Why should parents worry about mass personalisation, or should they? (part 1)

On a recent #roadtrip with our children, we noticed that the 11y old and the 14y, had a playlist that was playing a very specific kind of music. While their #music beats had a slight variety, almost all the #lyrics were gloomy and depressing ones. That was quite strange and concerning. Not that we were overthinking, but why would seemingly normal children listen to depressing lyrics?

We asked them why they chose such music and what it meant to them. They said that they liked the music because that is what they have always been listening to and why would one want to listen to peppy music all the time when life was not all that fun. It was strange. While they said that the music helped them relate to their moods, we knew it was possibly much more than that.

That is when it struck us on what was happening. Once they listened once or twice to a popular music say from #Billie Ilish, #Drake, #Indila or even #TaylorSwift, the personalization engine from #Spotify and #YouTube was dishing out more of such music and the more they listened to it, the more depressing and desolate they became. They were being pushed into #echochambers and #filterbubbles.

We wondered what ever happened to the #diversity and richness of music that we as parents experienced in our childhood. We grew up in a time when music was not personalized. We listened to whatever was playing on the radio, in the shops, or on the streets. We experienced a variety of genres, artists, and moods. Much as we started relating to a sad song, since we were low, the album or tape would play a mix and combination of moods. The next song could have been peppy. Even radio was random. Sometimes we liked the songs, sometimes we didn’t. But the diversity and randomness of what would play next added to the spice quotient (ah! SPICE Girls).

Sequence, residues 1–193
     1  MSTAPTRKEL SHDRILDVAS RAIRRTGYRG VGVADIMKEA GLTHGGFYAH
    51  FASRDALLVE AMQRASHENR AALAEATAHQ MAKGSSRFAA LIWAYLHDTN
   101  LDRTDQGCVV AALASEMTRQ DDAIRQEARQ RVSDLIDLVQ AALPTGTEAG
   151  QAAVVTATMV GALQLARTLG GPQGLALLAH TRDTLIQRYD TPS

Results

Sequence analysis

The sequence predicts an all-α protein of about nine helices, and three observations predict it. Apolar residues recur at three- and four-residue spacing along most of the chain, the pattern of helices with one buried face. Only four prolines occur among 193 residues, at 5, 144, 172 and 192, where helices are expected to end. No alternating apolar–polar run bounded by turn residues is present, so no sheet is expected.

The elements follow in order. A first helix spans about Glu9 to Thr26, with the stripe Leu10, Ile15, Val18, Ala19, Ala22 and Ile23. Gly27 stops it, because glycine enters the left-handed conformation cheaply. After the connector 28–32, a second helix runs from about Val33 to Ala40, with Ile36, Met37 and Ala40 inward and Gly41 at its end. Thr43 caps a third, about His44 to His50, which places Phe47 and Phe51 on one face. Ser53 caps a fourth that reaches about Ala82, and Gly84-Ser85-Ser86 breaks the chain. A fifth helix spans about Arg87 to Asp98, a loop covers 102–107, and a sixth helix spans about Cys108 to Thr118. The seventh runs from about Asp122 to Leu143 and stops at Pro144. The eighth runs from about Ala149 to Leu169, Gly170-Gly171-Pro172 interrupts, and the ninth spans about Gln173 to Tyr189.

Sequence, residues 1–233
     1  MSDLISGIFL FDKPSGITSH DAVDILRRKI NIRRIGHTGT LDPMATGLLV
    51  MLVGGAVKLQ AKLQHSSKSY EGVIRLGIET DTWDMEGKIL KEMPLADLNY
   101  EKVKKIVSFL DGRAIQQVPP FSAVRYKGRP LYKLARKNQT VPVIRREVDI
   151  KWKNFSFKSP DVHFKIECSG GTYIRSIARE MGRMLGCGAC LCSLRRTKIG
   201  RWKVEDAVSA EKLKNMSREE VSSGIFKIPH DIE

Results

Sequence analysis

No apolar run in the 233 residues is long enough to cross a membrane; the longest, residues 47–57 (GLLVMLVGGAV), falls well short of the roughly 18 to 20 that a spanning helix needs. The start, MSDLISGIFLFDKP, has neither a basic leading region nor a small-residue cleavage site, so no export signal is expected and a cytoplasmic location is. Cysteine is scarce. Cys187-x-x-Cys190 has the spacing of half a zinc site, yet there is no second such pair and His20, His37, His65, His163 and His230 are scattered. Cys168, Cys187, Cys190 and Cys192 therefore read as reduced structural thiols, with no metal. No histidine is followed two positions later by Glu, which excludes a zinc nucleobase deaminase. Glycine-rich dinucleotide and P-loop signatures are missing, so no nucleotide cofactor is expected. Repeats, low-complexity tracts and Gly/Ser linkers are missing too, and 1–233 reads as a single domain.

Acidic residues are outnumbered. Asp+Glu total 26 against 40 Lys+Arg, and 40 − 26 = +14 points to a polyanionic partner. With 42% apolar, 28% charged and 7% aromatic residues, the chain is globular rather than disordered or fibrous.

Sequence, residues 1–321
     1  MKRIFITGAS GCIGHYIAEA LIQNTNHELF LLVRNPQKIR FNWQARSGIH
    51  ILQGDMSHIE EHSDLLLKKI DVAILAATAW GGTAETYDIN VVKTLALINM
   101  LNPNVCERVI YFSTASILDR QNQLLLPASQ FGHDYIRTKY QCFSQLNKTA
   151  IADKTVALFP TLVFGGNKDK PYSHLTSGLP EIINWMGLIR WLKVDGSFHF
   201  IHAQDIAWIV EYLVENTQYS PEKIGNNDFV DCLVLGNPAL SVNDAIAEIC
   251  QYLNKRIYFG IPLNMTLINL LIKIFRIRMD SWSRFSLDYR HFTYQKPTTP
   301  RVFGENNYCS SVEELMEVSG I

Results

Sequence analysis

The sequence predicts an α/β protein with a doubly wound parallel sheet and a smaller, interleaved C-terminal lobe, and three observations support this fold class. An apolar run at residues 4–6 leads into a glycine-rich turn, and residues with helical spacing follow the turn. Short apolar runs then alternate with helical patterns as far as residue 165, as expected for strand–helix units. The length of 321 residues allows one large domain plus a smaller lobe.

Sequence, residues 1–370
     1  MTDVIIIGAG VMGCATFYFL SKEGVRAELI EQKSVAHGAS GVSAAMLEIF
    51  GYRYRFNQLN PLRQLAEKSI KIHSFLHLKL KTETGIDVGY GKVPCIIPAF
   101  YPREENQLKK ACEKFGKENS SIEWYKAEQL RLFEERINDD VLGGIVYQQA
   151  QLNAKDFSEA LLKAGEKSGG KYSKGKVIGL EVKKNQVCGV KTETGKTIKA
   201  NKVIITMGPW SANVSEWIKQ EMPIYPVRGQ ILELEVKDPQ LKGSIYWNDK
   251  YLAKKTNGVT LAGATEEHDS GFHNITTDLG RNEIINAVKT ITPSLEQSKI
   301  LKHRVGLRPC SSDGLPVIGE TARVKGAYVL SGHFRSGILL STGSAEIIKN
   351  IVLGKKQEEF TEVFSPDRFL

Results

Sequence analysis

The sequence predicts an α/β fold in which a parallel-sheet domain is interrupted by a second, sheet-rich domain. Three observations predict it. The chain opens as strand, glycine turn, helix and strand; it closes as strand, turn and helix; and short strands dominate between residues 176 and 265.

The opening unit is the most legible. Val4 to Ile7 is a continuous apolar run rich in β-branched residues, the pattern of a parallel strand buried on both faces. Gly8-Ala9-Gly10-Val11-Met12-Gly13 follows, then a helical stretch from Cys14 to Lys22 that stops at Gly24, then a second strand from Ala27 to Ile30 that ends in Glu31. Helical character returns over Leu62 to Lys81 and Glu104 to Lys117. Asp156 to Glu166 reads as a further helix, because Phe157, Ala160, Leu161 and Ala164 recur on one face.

Our children, however, seem to have a different relationship with music. They listen to what is curated and customized by an algorithm. The streaming platforms start filling them with more of the same and slowly and gradually push them into slots. It rarely suggests or plays anything outside their comfort zone. The moment they listen to one gloomy, depressing, and pessimistic song they get more of the same. The moment they listen to a cheerful, upbeat, and perky number they get more of the same.

Music has always been a part of our civilization. But the way we listen to music has changed over time.

So was the music in fact affecting their mental health and their well-being rather than being the other way round? Is this personalization of music, video and everything the reason for rise in mental illness, making each one feel sad, isolated, and hopeless? We wonder if, counter intuitively, music is preventing them from seeing the beauty and joy of life.

What do you think of #masspersonalisation and #technology that makes it happen?

You can read the part 2 of this post here –

By Rajesh Soundararajan

#Author #CEO #Dad #Engineer #Entrepreneur #Farmer #Humanoid #IQ156 #Marketeer #MensaClub #MBA #RoadTripper #Photographer #Tech #Volunteer

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